We are independent & ad-supported. We may earn a commission for purchases made through our links.
Advertiser Disclosure
Our website is an independent, advertising-supported platform. We provide our content free of charge to our readers, and to keep it that way, we rely on revenue generated through advertisements and affiliate partnerships. This means that when you click on certain links on our site and make a purchase, we may earn a commission. Learn more.
How We Make Money
We sustain our operations through affiliate commissions and advertising. If you click on an affiliate link and make a purchase, we may receive a commission from the merchant at no additional cost to you. We also display advertisements on our website, which help generate revenue to support our work and keep our content free for readers. Our editorial team operates independently of our advertising and affiliate partnerships to ensure that our content remains unbiased and focused on providing you with the best information and recommendations based on thorough research and honest evaluations. To remain transparent, we’ve provided a list of our current affiliate partners here.

What is Legerdemain?

Niki Acker
Updated May 23, 2024
Our promise to you
Language & Humanities is dedicated to creating trustworthy, high-quality content that always prioritizes transparency, integrity, and inclusivity above all else. Our ensure that our content creation and review process includes rigorous fact-checking, evidence-based, and continual updates to ensure accuracy and reliability.

Our Promise to you

Founded in 2002, our company has been a trusted resource for readers seeking informative and engaging content. Our dedication to quality remains unwavering—and will never change. We follow a strict editorial policy, ensuring that our content is authored by highly qualified professionals and edited by subject matter experts. This guarantees that everything we publish is objective, accurate, and trustworthy.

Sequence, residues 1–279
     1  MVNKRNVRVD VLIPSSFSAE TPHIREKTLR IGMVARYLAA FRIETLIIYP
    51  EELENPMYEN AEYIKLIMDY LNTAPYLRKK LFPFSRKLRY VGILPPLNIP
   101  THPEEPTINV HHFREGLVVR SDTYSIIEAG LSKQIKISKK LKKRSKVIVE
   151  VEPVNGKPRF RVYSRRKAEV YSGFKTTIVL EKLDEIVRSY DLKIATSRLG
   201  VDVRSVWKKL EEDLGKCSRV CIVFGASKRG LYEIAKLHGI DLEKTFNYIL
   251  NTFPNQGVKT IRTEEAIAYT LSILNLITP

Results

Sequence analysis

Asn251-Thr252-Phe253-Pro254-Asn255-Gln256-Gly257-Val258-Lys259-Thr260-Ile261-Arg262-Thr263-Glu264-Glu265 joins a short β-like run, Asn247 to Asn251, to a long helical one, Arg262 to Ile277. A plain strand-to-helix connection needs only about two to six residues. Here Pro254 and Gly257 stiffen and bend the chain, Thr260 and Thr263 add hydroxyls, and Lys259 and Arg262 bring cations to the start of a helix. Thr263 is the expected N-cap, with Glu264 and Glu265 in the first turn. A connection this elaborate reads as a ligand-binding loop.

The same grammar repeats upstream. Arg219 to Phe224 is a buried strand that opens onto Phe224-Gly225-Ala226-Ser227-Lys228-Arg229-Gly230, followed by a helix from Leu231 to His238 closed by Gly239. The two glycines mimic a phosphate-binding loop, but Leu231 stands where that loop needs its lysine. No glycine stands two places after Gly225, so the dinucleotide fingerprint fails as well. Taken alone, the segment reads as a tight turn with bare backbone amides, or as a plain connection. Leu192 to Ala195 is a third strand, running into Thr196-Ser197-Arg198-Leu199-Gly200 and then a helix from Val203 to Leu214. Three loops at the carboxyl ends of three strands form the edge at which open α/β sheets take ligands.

Over the years, we've refined our approach to cover a wide range of topics, providing readers with reliable and practical advice to enhance their knowledge and skills. That's why millions of readers turn to us each year. Join us in celebrating the joy of learning, guided by standards you can trust.

Editorial Standards

At Language & Humanities, we are committed to creating content that you can trust. Our editorial process is designed to ensure that every piece of content we publish is accurate, reliable, and informative.

Our team of experienced writers and editors follows a strict set of guidelines to ensure the highest quality content. We conduct thorough research, fact-check all information, and rely on credible sources to back up our claims. Our content is reviewed by subject-matter experts to ensure accuracy and clarity.

We believe in transparency and maintain editorial independence from our advertisers. Our team does not receive direct compensation from advertisers, allowing us to create unbiased content that prioritizes your interests.

Legerdemain is a set of techniques used to create illusions for magic or card tricks. It is more commonly called sleight of hand and sometimes prestidigitation. The word comes from the French for "lightness of the hand."

One of the most difficult skills for the magician to perfect, legerdemain is also one of the most impressive. It is absolutely necessary for most close-up magic tricks, though many stage magicians make use of legerdemain as well. Magic tricks that use these techniques often involve props, such as cards or coins, that the magician manipulates in a surprising way, hopefully without the audience being able to see how it is really done.

In practice, legerdemain is much more than an agile hand. Close-up magicians and other artists often rely heavily on misdirection, in which the audience is manipulated into looking in a certain direction, freeing the magician to perform tricks outside of their gaze. Mastering misdirection is often the most challenging and the most rewarding part of becoming a successful legerdemain artist. The expert is able to execute highly choreographed tricks with apparent ease and naturalness.

Though legerdemain is often used to entertain, it can also be used to take advantage of people. It can give a card player an unfair edge over the competition and is considered a form of cheating in games of luck. Some people use these methods to con tourists out of money, as in the well-known three-shell game. Pickpockets, sometimes working in teams, are also notoriously skilled in legerdemain.